elevated pressures and/or low operating temperatures may be required to suppress evaporation. typically. The PHIP targets may offer a number of advantages over the existing polarized targets.polarization. which would be detrimental for this experiment. There is also no need for a solvent in many heterogeneous reactions. Both homogenous and heterogeneous catalysts options are available. a supercritical phase? Liquid state would be advantageous in terms of density and. So far. Short transit times are needed to avoid depolarization. however. the ability to flow and recycle the material are all important factors. There are important issues that must be addressed when designing an appropriate reactor. Sufficiently good control of the transport is needed to transport and subsequently immobilize the product. • The choice of the catalyst that will ensure efficient hydrogenation on the time scale of spin relaxation. Efficient heat transport is required to avoid deterioration of the catalyst. perhaps. VI. The reacted product is free of catalyst contamination. but not too dense as to hinder transport processes. Will the substrate be compressed gas or liquid. longer relaxation times than gas. • An efficient flow/shuttle/transport system is required to bring the reaction product to the target region. however. This is essential to have high spin polarization. a catalytic converter (reactor) is needed. A short residence time is desirable in order to avoid depolarization of the product. CONCLUSION AND POSSIBLE EXTENSIONS A spin-polarized-target concept based on parahydrogen-induced polarization (PHIP) has been proposed. no “show stoppers” are seen. polarization relaxation time (which we need as long as possible). or. The highly efficient catalyst for PHIP35 mentioned above meets these requirements. The reactor should be dense enough for efficient reaction. An additional consideration is the temperature dependence of the hydrogenation reaction. • The converter chemistry: If a heterogeneous catalyst is used. specific technical details 11 . Heterogeneous catalysts have the advantage that they can be packed into a reactor. including fast polarization reversal and non-cryogenic operation at nearzero magnetic field.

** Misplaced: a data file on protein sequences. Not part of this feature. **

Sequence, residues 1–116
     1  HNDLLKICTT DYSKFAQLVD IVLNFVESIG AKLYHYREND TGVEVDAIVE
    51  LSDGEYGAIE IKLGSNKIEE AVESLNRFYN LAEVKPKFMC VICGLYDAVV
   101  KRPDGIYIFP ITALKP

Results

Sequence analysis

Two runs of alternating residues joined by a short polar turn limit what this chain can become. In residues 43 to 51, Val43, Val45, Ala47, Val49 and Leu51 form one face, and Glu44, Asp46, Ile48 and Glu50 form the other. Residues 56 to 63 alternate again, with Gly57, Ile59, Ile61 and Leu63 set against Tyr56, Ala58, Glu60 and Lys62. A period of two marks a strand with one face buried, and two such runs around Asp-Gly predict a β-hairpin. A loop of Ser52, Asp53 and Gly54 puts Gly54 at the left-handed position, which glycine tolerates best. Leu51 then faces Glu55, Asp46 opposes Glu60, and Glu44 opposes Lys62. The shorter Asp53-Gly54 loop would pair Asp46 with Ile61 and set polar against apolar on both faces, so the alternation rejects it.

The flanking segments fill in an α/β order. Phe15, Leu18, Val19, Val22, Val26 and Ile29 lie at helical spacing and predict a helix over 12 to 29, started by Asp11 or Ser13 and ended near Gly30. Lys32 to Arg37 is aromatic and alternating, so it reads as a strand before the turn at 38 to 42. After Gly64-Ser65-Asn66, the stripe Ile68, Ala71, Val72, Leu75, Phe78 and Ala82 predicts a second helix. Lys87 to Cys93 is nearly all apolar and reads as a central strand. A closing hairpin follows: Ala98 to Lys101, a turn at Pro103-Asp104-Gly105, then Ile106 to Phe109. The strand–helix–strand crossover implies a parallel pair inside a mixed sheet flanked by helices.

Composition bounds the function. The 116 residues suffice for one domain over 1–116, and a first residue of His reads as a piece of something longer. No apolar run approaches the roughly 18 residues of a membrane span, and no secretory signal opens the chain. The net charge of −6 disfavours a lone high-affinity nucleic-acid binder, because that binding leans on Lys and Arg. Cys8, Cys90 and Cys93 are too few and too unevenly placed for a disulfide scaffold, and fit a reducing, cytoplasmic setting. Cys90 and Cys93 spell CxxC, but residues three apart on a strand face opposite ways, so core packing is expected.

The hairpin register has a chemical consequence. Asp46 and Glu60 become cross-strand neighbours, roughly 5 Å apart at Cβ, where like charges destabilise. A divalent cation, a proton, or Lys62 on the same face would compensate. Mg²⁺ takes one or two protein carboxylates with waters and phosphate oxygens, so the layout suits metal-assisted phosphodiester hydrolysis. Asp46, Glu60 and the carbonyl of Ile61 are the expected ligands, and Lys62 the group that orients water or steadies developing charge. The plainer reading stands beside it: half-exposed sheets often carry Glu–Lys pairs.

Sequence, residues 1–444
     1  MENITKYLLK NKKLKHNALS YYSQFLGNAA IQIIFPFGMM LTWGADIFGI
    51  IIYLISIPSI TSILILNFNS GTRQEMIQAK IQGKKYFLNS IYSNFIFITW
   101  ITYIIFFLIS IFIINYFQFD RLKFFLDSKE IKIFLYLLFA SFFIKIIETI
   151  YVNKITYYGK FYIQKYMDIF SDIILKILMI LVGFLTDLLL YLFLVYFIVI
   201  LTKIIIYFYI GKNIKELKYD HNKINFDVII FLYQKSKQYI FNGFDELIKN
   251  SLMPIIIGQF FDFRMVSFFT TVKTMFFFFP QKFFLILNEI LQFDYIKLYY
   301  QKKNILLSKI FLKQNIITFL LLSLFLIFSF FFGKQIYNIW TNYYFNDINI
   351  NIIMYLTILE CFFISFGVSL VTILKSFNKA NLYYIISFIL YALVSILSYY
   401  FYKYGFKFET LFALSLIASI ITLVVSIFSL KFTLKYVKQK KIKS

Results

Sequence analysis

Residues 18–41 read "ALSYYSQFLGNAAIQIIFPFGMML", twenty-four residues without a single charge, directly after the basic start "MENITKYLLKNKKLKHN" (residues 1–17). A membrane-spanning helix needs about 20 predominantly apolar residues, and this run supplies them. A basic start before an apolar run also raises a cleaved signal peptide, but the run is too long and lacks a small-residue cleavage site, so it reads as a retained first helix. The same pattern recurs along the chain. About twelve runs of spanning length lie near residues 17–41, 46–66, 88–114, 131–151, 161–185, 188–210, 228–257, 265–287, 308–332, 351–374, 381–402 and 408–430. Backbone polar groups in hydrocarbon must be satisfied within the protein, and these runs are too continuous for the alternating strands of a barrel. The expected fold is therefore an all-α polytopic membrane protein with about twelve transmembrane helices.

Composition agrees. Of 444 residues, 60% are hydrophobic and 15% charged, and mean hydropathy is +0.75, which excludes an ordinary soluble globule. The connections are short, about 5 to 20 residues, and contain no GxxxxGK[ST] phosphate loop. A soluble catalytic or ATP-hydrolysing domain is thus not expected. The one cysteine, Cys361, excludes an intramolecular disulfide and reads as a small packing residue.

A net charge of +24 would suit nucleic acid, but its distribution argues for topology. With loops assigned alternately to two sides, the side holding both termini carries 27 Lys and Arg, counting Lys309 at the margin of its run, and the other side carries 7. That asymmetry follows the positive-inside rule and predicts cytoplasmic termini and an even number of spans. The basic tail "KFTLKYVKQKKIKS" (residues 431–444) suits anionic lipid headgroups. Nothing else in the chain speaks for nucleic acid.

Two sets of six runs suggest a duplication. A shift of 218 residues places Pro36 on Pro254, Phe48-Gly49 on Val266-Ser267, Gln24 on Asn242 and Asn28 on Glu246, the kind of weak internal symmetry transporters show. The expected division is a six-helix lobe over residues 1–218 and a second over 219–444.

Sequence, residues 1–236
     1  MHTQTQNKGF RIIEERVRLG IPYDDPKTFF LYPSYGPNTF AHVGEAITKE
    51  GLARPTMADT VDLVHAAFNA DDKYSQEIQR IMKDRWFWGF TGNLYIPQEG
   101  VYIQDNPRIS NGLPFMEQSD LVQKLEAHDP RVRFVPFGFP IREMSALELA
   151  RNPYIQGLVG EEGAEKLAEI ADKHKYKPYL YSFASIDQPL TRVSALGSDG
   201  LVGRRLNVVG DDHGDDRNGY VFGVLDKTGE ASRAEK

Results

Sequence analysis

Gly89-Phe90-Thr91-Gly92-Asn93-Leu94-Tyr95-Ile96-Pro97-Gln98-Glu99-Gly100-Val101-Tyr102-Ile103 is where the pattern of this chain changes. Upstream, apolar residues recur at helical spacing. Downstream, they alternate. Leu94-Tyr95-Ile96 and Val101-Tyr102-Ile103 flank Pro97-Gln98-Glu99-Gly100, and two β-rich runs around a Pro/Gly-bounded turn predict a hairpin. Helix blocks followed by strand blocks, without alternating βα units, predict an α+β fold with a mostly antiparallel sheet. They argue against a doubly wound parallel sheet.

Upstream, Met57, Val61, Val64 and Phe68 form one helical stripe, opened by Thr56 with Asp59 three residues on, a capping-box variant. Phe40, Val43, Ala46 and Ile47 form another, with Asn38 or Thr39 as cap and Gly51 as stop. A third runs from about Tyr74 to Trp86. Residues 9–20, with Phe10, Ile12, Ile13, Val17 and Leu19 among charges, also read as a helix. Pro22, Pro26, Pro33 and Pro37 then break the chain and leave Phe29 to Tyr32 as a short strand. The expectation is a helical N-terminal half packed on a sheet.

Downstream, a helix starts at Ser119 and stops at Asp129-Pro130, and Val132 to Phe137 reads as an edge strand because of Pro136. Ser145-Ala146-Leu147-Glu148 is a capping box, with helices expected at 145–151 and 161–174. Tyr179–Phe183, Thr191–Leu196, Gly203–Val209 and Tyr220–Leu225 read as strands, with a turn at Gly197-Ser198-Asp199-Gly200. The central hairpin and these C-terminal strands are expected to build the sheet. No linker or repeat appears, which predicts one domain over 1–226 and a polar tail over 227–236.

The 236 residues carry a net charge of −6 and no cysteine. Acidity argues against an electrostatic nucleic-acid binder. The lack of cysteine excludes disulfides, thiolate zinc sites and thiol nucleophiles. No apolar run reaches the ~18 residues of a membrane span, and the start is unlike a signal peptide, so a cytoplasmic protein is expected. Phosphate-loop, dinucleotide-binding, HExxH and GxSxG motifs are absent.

More generally. IV. the 1 H chemical shift of 12 12 CH3 is different from that of CH2 -F (by a few ppm). more importantly. without parahydrogen) that has been discussed in the context of polarized targets for over twenty years42 should be revisited. The ini- tial pH2 singlet polarization at zero field “spreads” over the whole molecule via the J-coupling network. The difference with the cases discussed in Sec. may also be considered. however. for example. photochemically induced nuclear polarization (CIDNP41 . • The possibility of doing the hydrogenation reaction in-situ should also be considered. Now. hyperpolarized HD molecules were also produced. the review32 ) that rely on relatively high magnetic field and removing the degeneracy between the two protons not by J-coupling. but by chemical-shift differences. • Photochemically induced reactions with parahydrogen should be considered. we briefly discuss PHIP polarized ethyl fluoride 12 CH3 -12 CH2 -19 F. which is partially a chemical-engineering task to be addressed in future work.of the novel target still need to be worked out. The advantage here could be that protons are the only polarized nuclei (for example. where NH-PHIP of aminoacids and peptides was demonstrated.38 expands the types of substrates that could be polarized. Note that a zero-field nonhydrogenative PHIP experiment has recently been performed39 . • The PASADENA/ALTADENA PHIP schemes (see. • Finally. as revealed by application of the magnetic-field pulse. the oscillation frequency after the pulse is smaller due to the fact that the second-order H-F coupling is smaller than the first-order H-13 C coupling (2 JHF <1 JHC ). instead of 13 19 C. which are an attractive polarized-target material. so at moderate DC 12 . is that here. eliminates the need for the dehydrogenation step. An advantage is that this would avoid sample transfer. it is F that breaks the symmetry between the protons. It is interesting to note in this context that in the work40 . In this case. no 13 C nuclei are involved). which will likely involve homogeneous catalysis. and. There are several interesting extensions of the basic concept that deserve further consideration: • Nonhydrogenative (NH) PHIP37.